28 October 2012

OCC GATE Conference, Fall 2012

Orange County Council for the Gifted and Talented

UC Irvine
October 27, 2012

"Paving the Way to Common Core"

Session 1:
  "Think Different = SEE Different:
Applying Thinking Skills that Lead to Creativity"

Novelty excites the brain
A break from the routine,
a new way to look at an old problem,
a different setting or classroom configuration
can stimulate learning…
Students’ minds get mired in the mundane, and this can dull their thinking.  Because young adolescent brains are hard-wired for action,
it makes sense to provide unique experiences from time to time
to reengage students…
When we feed students’ natural tendencies for dynamic growth,
they not only thrive,
they become fully committed to learning.”
Rick Wormeli
“Cognitive Science Structures and Tips that Help Us Differentiate.” 
Differentiation: From Planning to Practice.

“GATE Strategy” showcased:
  1. Novelty & Problem-Based Learning
  2. Thinking SkillsSubstitute, Combine, Adapt, Modify or Magnify, Put to other use, Eliminate something, Reverse or Rearrange
Brief description:

Ingenious.  Original.  Thought-provoking.  Unconventional. Fun. 

How can educators create conditions where students consistently produce truly inspired and innovative works based on their analysis of the same facts, figures, and information (from a classroom lesson/unit)? 

Drawing upon the work of Michael Michalko's Thinkertoys, this workshop will explore “S.C.A.M.P.E.R.” thinking skills and strategies to empower students to become innovative problem-solvers: from the basic task of developing a thesis for an essay, organizing information for an assignment, or producing a memorable project.  Workshop attendees will consider and apply Michalko's creative-thinking techniques with other differentiation tools for immediate classroom application.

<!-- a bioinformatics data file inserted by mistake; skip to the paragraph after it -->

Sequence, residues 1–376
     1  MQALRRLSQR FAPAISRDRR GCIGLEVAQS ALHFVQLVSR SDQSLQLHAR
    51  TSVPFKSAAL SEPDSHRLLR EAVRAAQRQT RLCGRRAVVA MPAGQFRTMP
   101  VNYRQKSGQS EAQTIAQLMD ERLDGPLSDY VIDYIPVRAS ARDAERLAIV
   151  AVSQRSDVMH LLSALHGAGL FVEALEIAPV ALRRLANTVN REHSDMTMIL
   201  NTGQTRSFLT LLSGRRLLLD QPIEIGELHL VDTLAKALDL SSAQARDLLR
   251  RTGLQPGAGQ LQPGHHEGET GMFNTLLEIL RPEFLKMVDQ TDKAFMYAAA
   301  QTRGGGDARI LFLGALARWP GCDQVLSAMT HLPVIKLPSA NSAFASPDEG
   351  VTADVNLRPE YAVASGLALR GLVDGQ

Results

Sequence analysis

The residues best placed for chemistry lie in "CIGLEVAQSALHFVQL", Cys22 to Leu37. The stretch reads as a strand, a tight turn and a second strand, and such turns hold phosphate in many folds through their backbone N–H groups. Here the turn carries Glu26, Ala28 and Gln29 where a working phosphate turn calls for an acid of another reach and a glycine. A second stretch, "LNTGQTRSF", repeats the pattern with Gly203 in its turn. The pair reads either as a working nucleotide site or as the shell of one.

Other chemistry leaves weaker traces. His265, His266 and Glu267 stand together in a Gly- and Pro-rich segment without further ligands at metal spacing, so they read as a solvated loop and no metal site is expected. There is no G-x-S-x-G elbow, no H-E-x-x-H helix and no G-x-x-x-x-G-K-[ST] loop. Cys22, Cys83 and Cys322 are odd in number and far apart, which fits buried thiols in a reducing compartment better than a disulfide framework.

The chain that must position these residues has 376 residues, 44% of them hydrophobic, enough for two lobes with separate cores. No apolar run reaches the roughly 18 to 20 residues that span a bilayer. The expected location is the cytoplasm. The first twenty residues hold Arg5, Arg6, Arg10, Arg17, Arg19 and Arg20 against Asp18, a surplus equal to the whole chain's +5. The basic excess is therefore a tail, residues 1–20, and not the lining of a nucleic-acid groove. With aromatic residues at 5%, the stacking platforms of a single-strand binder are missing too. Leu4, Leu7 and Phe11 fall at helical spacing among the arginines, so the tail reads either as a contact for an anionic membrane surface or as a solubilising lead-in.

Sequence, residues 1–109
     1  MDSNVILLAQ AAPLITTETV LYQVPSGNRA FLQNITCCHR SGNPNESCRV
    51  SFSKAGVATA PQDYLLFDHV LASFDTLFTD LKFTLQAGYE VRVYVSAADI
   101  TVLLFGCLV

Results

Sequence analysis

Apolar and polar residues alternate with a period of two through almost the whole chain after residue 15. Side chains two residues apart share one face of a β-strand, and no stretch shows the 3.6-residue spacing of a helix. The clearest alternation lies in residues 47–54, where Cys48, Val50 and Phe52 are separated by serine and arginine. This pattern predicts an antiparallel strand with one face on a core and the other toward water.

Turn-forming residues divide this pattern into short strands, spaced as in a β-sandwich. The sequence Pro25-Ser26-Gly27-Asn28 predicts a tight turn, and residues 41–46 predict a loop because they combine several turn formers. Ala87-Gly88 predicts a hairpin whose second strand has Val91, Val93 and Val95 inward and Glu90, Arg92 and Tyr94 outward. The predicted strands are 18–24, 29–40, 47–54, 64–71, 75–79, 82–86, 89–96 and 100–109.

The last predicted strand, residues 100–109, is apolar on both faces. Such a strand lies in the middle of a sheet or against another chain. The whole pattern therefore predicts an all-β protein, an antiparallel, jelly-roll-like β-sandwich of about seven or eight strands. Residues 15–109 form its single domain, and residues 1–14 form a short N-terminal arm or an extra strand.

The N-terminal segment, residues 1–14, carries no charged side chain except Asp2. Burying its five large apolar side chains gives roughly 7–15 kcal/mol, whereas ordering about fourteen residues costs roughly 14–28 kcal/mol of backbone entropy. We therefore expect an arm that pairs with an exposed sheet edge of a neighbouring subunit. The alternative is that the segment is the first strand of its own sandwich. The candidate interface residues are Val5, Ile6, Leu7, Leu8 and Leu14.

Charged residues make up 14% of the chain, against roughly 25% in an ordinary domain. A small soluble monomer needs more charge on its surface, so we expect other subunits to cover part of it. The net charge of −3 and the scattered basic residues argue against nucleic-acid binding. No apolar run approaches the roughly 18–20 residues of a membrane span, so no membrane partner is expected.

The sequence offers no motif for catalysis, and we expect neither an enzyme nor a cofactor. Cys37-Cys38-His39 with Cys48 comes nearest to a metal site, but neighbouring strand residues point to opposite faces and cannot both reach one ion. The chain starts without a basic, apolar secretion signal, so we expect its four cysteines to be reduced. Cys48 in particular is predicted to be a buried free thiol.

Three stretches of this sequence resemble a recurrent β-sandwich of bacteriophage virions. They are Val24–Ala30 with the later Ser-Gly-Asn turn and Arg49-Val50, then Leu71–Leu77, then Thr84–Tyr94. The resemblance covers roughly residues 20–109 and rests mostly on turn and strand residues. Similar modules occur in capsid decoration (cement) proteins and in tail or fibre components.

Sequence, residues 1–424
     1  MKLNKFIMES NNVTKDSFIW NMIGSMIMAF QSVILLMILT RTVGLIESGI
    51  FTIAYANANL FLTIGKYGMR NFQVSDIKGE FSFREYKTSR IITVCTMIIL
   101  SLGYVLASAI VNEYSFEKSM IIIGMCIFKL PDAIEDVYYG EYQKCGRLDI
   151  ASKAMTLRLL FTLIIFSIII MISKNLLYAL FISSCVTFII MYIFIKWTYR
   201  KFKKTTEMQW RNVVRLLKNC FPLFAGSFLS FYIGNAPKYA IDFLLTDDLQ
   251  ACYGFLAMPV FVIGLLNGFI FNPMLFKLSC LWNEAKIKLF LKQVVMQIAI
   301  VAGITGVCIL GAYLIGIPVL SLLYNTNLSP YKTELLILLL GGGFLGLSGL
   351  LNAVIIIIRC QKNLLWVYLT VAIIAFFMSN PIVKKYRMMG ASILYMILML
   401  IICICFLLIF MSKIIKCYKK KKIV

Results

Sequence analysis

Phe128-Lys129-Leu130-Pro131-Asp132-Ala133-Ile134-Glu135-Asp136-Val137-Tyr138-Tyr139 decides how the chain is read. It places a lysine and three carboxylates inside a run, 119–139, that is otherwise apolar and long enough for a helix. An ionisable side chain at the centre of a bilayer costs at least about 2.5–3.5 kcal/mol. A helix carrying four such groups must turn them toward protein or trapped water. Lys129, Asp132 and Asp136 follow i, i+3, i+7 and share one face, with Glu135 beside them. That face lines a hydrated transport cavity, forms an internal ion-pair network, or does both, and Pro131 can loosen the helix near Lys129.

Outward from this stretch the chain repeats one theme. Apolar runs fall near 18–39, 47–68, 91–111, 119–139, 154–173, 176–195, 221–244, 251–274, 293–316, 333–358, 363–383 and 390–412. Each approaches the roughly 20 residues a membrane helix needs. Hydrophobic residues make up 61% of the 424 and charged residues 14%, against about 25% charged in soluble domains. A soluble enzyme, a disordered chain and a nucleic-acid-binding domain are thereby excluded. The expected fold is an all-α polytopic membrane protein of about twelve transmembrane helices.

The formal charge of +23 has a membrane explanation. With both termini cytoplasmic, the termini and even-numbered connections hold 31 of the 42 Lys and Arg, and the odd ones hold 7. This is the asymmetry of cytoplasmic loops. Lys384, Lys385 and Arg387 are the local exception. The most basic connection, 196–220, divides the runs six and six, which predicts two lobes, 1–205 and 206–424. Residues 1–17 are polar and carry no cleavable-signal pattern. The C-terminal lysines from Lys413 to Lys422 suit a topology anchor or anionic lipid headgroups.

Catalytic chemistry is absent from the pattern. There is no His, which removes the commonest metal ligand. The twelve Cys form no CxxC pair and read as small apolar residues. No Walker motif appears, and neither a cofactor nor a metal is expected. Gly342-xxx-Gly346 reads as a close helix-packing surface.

Resource:  PDF

Session 2:
“Models of Academic Discourse
Nurturing Communication Skills
that leads to greater Critical Thinking and Comprehension

Reading maketh a full man, conference a ready man, and writing an exact man.
Sir Francis Bacon, English Philosopher, Statesman, Scientist, 1561-1626

Another key element is modeling the talking, thinking, literacy tasks, products, and performances that students are supposed to be able to do after they learn and practice their new knowledge and skills.
Jerome Seymour Bruner, American Psychologist, 1986.

Gate Strategies showcased:
  1. Depth: Language of the Discipline, Patterns, Rules, Perspectives, Big Ideas
  2. Collaboration
  3. Thinking Skills

Socratic Seminar?  World Café?  Philosophical Chairs?  Cooperative Learning?  Collaboration?  Literature Circles?  Lecture?   What works best for students?

This session focuses on the five core communication skills required in any type of academic discourse, empowering students to explore, engage, negotiate, maintain, and communicate “academic conversations” through meaningful pathways of (1) elaboration and clarification, (2) supporting ideas with examples, (3) paraphrase, (4) build on and/or challenge ideas, and (5) synthesis.

Resource:  PDF

Session 3: 

New Journeys of Identity:
Using the Hero’s Journey Archetype
for Literary Analysis,
Community Involvement, and
Personal Reflection

Gate Strategies showcased:
1.    details, patterns, big ideas;  relate over time, across disciplines
2.    Convergence, Contributions
3.    Think Like a Disciplinarian

Why do we need heroes

What qualities & events make a person a hero

Literary analysis combined with literary, personal, and collaborative explorations on
·      the Hero’s Journey Archetype with
·      the addition of James Marcia’s Identity Achievement, and
·      Don Riso’s 9 Enneagrams. 

Maintain a classroom climate of discovery, esteem, and engagement in a diverse, often chaotic society.

Resource:  PDF